Eruption Update: Tungurahua from space (and earth), Gamkonora and a busy GVP Activity Report
I write the Eruptions blog on Big Think. I've been mesmerized with volcanoes (and geology) all my life. It helps that part of my family comes from the shadow of Nevado del Ruiz in Colombia, where I could see first hand the deadly effects of volcanic eruptions. Since then, I've taken a bit of a winding path to become a volcanologist. I started as a history major at Williams College, almost went into radio, but ended up migrating to geology, including an undergraduate thesis on Vinalhaven Island, Maine. I followed this up by changing coast to get my Ph.D. from Oregon State University. Then I ran a MC-ICP-MS lab at University of Washington for a spell (and wrote for an indie rock website). I spent three years as a postdoctoral scholar at University of California - Davis studying the inner workings of magmatic systems. I am now an assistant professor at Denison University and have projects in New Zealand, Chile and Oregon.
I am fascinated by volcanoes, their eruptions and how those eruptions interact with the people who live around the volcanoes. I started this blog after getting frustrated with the news reports of volcanic eruptions. Most of them get the information wrong and/or are just sensationalistic. I will try to summarize eruptions as they occur, translate some of the volcanic processes that are happening and comment on the reports themselves.
And no matter what people tell you, I definitely do not have a cat named Tephra. (OK, I do).
You can find out more about my research by visiting my website. If you have any comments, questions or information, feel free to contact me at eruptionsblog at gmail dot com.
It has been a while since we've had what I would consider a "busy" Global Volcanism Program Weekly Volcanic Activity Report - but this week, there is a ton of new information about some of the volcanic rumblings around the globe, including some at a volcano that is new to Eruptions.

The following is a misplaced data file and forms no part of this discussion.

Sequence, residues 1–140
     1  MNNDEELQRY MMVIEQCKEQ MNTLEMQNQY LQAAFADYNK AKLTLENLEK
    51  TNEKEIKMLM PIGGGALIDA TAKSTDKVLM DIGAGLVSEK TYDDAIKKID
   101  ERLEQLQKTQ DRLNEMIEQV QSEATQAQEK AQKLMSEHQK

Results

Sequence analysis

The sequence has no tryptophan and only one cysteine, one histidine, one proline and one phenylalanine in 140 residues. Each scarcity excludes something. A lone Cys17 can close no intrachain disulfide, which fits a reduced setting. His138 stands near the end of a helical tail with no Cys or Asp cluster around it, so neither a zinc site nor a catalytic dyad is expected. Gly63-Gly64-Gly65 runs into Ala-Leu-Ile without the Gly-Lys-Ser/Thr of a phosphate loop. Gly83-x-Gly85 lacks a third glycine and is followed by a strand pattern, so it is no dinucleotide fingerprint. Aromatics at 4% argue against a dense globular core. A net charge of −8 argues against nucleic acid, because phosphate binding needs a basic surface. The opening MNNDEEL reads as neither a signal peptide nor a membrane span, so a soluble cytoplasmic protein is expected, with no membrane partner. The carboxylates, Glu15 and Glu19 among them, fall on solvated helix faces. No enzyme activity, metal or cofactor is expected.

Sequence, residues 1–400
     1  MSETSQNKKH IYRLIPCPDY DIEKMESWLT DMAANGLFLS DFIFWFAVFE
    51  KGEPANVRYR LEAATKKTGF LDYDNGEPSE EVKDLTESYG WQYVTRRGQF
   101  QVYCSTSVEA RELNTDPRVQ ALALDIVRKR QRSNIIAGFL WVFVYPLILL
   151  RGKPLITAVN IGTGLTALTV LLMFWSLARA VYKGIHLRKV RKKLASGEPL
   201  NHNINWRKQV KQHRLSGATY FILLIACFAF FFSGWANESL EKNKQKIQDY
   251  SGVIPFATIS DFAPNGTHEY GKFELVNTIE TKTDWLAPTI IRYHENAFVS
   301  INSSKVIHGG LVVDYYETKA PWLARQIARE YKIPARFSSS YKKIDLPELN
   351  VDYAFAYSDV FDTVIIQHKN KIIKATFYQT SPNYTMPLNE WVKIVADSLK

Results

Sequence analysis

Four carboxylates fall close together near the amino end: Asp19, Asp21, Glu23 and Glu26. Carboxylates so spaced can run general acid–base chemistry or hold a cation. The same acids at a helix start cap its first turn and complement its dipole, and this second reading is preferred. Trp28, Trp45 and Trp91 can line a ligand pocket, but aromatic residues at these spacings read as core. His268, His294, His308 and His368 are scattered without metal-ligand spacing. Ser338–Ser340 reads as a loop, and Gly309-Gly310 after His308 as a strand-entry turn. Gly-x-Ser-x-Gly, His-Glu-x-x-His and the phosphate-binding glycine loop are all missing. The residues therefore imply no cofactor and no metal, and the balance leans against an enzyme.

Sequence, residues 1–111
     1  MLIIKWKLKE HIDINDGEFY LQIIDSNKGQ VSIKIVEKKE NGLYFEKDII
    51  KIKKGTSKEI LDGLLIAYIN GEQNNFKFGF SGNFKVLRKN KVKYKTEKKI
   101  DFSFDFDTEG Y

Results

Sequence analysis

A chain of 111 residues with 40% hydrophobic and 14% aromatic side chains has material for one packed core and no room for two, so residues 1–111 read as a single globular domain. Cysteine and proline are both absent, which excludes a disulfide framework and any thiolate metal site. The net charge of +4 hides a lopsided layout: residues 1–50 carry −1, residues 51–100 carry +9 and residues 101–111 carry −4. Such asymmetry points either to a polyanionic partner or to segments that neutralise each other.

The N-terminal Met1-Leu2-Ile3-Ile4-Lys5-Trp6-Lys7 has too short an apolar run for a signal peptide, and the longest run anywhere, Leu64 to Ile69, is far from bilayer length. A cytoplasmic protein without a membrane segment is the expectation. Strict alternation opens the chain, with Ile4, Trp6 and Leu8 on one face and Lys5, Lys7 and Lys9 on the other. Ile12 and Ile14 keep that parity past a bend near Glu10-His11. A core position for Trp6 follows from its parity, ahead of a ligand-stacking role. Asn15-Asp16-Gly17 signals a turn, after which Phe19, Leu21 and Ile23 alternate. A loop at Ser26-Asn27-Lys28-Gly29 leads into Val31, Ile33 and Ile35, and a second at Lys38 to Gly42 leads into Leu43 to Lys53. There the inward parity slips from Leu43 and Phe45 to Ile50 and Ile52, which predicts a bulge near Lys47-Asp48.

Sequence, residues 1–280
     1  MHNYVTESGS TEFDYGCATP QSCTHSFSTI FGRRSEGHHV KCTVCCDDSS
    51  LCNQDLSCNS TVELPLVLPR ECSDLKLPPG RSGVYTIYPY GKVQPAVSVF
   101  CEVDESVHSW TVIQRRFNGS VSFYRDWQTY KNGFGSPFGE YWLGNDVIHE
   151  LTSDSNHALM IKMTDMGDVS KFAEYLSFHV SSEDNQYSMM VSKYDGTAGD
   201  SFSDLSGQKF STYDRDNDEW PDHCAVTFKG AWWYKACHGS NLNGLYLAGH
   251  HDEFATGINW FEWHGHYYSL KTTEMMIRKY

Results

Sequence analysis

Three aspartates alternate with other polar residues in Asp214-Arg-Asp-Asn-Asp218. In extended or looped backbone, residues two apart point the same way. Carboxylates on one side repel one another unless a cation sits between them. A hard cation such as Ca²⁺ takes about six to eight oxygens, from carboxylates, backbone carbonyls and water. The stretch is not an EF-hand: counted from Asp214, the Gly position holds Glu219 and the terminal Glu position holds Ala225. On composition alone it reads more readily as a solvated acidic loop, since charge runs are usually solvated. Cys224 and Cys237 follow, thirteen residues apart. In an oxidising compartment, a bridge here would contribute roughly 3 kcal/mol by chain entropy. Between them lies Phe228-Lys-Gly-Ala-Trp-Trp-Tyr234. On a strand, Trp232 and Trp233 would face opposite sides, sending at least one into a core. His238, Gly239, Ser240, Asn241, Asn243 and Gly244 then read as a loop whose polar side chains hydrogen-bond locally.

So, let's look at some highlights:
Ecuador: Everyone is still watching Tungurahua, where a new period of intense explosive activity has begun. In fact, both the NASA Earth Observatory and National Geographic have images of the eruption, albeit from very different vantage points. The NASA EO image shows the brown-tan plume of the volcano mixing with the white clouds over the volcano, while the National Geographic images capture the eruption - and the recovery - from a more terrestrial location. The current eruption at Tungurahua is the largest since 1999 (spanish) and some of the towns near the volcano have seen over 15.5 mm of ash fall since the activity began - totaling an estimated 1.6-3 million m3 of tephra, according to the Instituto Geofísico.
Indonesia: A volcano that hasn't been in the news lately in Indonesia appears to be showing signs of restlessness, namely Gamkonora. This is amusing because just yesterday I was looking at my IAVCEI Volcanoes calendar and noticed an anniversary coming up this week of a 1673 eruption of the same volcano and I thought "I haven't heard much of Gamkonora lately". Ask and ye shall receive, eh? Anyway, Gamkonora is on Halmahera and is part of a larger caldera system. Interestingly, the GVP reports that it last erupted in 2007, but obviously with little fanfare (except these NASA and ESA images - see below). Most of the previous eruptions over the last few hundred years have been VEI 1-2 (small), but the 1673 eruption is estimated to be a VEI 5 (and produced a tsunami), so the potential is there. The latest report from Gamkonora mentions white plumes coming from the summit and a sulfurous odor, prompting an elevation of the alert status to 2. Indonesia is still recovering from its last major eruption at Merapi, with the government taking charge to move people displaced by the eruption to safer, permanent homes.
An ESA Envisat image of the 2007 activity at Gamkonora in Indonesia, seen on July 9, 2007.
Kamchatka: As always, the far eastern Russian Peninsula is in the news for volcanic activity. Shiveluch and Kizimen (see below) have both been producing moderate ash plumes that have reached 6 km / ~20,000 feet, while Karymsky has been erupting slightly smaller plumes (for Kamchatka) In a fun bit of poor copy editing, Bernama reported that the volcanic plume from Kizimen towered to "six meters". Ah, how the incorrect prefix can really change the severity of an event.
Vesuvius: Okay, there is no update on Vesuvius in the GVP Report. However, the internet was crawling with information on the new Hollywood version of the 79 A.D. eruption that destroyed Pompeii. The film, which will be directed by Paul W.S. Anderson (yes, he who brought us "Resident Evil"). Anderson says "like "Titanic," the Pompeii film will be anchored by a strong love story." I'm not holding my breath, but with this and the upcoming BBC's Atlantis (about the eruption of Thera on Santorini), it seems like volcanic disasters are making a comeback in film (for better or worse).
Check out the full GVP report for all the details from the rest of the world!
Top left: Summit activity at Ecuador's Tungurahua, seen on April 30, 2011.
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